Want to help us research marine education and virtual reality?

Host a Stanford VR study site!

See below for more details

With this project, we are investigating the affordances of Virtual Reality (VR) in education using the Stanford Ocean Experience (SOE), a VR piece developed by the Virtual Human Interaction Lab at Stanford University. SOE is an educational experience that makes the impossible possible: seeing the ocean absorb carbon dioxide (CO2) molecules, a coral reef degrade, and marine life disappear as the ocean acidifies. VHIL teamed up with marine scientists from Hopkins Marine Station and Stanford Center for Ocean Solutions and each step in the journey is based on marine science research. Through this VR experience, participants will be able to learn about the causes and the consequences of ocean acidification, as well as actions that can be taken to reduce CO2 emissions.

We have created sixteen different versions of the experience to investigate how VR design can enhance learning. All research procedures are self-contained in the VR experience. In the very first screen participants will see the consent form in VR, giving them the option to participate or not in this research. Participants accepting to participate will answer a few questions before and after the experience. These questions will be presented while in VR (using the headset) and they will use the hand controllers to select their answers. The data is automatically recorded to the cloud accessible to Stanford researchers only. Those who decline to participate are still able to go through the experience, but we don’t collect any data.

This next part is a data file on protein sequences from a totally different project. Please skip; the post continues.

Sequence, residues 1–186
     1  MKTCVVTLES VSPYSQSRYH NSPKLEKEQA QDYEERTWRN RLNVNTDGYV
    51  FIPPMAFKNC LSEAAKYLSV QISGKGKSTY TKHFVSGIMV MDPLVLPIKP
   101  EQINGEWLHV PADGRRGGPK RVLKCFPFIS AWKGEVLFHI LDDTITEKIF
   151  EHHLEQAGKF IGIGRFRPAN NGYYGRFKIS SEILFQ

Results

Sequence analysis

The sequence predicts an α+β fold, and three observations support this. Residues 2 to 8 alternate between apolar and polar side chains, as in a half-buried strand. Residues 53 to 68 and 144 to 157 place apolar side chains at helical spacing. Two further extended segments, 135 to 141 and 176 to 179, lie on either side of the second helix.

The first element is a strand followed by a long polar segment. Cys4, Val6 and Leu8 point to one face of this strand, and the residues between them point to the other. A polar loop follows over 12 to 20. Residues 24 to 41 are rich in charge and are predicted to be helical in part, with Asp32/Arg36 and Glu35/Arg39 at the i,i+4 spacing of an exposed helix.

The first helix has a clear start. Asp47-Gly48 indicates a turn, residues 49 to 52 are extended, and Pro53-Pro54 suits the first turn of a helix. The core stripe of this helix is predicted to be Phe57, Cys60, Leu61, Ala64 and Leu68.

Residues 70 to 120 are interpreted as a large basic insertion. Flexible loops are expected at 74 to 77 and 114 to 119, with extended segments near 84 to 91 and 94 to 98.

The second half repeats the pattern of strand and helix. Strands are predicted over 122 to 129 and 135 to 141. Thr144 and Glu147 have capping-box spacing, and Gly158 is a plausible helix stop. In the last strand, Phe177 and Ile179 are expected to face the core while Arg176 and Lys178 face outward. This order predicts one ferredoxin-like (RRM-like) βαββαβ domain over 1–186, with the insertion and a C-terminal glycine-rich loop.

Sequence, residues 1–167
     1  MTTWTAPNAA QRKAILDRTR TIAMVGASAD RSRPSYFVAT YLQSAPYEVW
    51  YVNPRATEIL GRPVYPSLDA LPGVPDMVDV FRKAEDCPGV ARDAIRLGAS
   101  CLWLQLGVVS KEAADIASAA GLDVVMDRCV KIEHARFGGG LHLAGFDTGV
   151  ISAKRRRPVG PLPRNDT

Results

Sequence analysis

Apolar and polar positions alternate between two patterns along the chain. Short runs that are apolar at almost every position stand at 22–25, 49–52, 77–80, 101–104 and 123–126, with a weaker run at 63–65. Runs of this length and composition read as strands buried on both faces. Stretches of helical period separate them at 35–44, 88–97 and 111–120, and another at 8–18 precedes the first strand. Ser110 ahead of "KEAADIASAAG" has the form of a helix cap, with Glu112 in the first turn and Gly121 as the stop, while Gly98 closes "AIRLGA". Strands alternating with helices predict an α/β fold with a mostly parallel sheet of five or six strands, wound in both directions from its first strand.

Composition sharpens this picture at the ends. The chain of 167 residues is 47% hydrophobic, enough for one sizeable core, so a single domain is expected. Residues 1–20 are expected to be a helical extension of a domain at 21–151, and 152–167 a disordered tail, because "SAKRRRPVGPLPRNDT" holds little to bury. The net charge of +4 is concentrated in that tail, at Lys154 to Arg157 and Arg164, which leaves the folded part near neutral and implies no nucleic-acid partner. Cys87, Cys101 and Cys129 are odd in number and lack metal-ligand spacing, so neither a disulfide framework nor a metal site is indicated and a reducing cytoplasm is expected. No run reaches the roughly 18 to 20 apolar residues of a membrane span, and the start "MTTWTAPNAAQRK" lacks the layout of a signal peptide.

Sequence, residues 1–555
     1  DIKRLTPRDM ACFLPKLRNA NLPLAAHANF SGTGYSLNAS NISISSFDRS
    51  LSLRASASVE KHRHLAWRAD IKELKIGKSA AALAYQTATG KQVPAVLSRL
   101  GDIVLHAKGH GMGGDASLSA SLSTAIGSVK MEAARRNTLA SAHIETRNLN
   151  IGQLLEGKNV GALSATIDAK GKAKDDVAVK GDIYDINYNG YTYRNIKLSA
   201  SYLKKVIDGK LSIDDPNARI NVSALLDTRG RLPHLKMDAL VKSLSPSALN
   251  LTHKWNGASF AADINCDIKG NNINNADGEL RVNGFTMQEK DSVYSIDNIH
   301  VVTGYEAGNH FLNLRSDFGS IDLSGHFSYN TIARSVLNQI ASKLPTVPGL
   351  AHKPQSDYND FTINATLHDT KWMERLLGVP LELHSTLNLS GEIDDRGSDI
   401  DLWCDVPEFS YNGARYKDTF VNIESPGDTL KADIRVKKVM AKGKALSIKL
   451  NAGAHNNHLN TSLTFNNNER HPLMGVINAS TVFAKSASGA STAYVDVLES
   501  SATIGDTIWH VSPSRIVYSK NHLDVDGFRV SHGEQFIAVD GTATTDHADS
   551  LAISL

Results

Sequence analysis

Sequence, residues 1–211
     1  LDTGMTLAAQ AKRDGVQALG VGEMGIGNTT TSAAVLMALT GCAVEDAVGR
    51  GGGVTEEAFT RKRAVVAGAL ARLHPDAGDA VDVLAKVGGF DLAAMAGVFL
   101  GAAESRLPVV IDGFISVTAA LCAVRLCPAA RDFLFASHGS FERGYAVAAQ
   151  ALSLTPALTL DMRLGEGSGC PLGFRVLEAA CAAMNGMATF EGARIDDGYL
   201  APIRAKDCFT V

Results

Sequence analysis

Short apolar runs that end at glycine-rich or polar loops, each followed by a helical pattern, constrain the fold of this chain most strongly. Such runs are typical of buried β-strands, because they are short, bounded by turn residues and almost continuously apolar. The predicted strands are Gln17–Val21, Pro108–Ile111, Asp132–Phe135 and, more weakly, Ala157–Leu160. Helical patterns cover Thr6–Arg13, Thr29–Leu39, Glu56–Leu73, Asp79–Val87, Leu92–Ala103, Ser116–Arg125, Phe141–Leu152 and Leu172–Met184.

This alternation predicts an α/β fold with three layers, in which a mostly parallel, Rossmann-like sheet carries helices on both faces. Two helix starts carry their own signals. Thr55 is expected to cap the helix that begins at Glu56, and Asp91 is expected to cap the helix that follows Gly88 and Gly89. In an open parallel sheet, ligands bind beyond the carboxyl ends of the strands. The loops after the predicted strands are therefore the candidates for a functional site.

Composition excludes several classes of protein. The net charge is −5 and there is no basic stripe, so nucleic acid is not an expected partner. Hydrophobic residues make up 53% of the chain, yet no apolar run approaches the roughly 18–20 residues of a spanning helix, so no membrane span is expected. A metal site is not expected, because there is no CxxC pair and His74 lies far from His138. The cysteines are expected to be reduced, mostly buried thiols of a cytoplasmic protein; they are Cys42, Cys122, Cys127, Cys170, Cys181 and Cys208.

We have worked closely with our Institutional Review Board (IRB) to ensure that our study complies with all privacy and ethics regulations. We do not collect any names, so the data is always anonymous.

To run the experience, you will need a VR setup comprising of: an HTC Vive headset with respective tracking system and hand controllers; a gamer laptop or a desktop with the requirements for running the HTC Vive; a pair of tripods to set the tracking system, or fixing the tracking system to the wall. A designated space of 12×12 feet (minimum) to 14×14 feet (ideal) is needed to give participants enough room to explore the VR environment.

Don’t worry if your team doesn’t have experience with VR, we can help set-up the equipment, install the software, and train docents to run the experience. We will also be available to provide any troubleshooting and we can be there in person when needed to give you additional tech support.

We hope that this would be a win-win arrangement. VR has become a draw for people who want to experience immersive simulations for themselves. It is a great way to give visitors a unique hands-on educational experience.

Considering a diverse population will help us advance VR development for educational purposes. In addition, we aim at promoting public awareness about an important topic that needs urgent attention: the steep rise in CO2 emissions and its impacts on the ocean. Recent research has been pointing out the urgency to increase public awareness and take actions to reduce the human impact leading to ocean acidification before it is too late. Your collaboration is very important to bring knowledge and awareness to the public, as well as advancing the scientific research on VR.

Anna Queiroz
Principal Investigator

Tobin Asher
Director of Partnerships
Virtual Human Interaction Lab
Stanford University


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